Carrying goods across the desert is not as easy as it looks. Despite the bird’s-eye view of sand for miles, the desert can be pretty crowded–especially in the places where you need to go–and there are thieves about too. And camels don’t really like to move once they’ve been burdened with goods. But the people in the cities need what you’re selling, and they’re willing to pay you a decent wage…more, even, if they’ve been waiting a while or if you have to trek them across the desert. So get your camels in a row. It’s time to move your caravan.
How It Works
Caravan is a network-building/pick-up-and-deliver game for two to four players. Players are caravan leaders collecting and delivering goods using their camel network. The player with the most points at the end of the game wins.
To begin, the board is placed in the center of the table, and one good is drawn from the bag and placed on each of the eight collection spaces on the board. One demand marker is placed on each of the four corner spaces. Each player receives a player board, a thief marker, and five (normal game) or six (easy game) camels in their color. A start player is chosen and play begins.
The start player takes one action, and each player takes one more action than the last until one player takes four actions. Thereafter, each player gets four actions per turn.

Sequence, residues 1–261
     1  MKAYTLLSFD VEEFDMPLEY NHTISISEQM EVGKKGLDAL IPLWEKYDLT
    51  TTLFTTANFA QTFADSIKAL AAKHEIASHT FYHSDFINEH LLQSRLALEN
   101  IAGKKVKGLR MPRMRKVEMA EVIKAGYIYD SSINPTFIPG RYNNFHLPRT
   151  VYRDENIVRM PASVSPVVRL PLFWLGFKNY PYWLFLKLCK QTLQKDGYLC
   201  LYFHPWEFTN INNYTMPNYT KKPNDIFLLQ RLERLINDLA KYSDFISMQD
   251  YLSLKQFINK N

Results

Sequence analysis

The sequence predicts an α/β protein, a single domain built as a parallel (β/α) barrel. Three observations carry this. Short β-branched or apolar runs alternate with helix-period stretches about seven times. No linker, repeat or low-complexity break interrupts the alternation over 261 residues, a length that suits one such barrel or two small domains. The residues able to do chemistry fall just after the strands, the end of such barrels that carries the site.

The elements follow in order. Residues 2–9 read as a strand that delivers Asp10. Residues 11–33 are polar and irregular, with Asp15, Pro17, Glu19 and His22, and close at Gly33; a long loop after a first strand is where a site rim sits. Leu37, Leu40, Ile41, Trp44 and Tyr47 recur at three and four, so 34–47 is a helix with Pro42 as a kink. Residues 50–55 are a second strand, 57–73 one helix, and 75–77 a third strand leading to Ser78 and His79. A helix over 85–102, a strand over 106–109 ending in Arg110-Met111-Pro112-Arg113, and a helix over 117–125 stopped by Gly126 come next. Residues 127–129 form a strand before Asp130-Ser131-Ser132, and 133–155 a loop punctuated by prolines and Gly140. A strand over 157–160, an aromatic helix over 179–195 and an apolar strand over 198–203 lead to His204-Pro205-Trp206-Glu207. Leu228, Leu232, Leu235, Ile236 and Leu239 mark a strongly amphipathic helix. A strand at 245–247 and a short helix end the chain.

Actions include placing or moving camels (anywhere on the board–not just adjacent spaces–and moving to an occupied space costs two actions), picking up a goods cube (if in same space as your camel), stealing a goods cube from an opposing camel in the same space, or moving a goods cube to an empty camel along a line of your orthogonally connected camels.
Whenever a good is picked up, the player also receives any demand counters in that space. Once a camel is carrying a good, that camel may no longer be moved. To steal a good, a player must have a camel in the same space as another camel and a thief marker. The player then gives their thief marker to the player from whom they stole the good. A good cube is delivered whenever it moves to an empty camel standing on a city of a matching color; the cube is then placed on that player’s player board for scoring at the end of the game. (Rare goods are worth 6 points each; common goods are worth 3 points each.)
Whenever there are only four goods on goods spaces (not camels’ backs), the game pauses. One demand counter is added to each of the spaces on the board where there is a good present, and four new goods are drawn from the bag and placed on the empty goods spaces. Play continues.
Once the last four cubes are placed on the board, the game ends immediately when the next cube is delivered. Players score points for the cubes they’ve delivered and the demand markers they’ve picked up and lose points for goods their camels are still carrying at the end of the game. Whoever has the most points wins.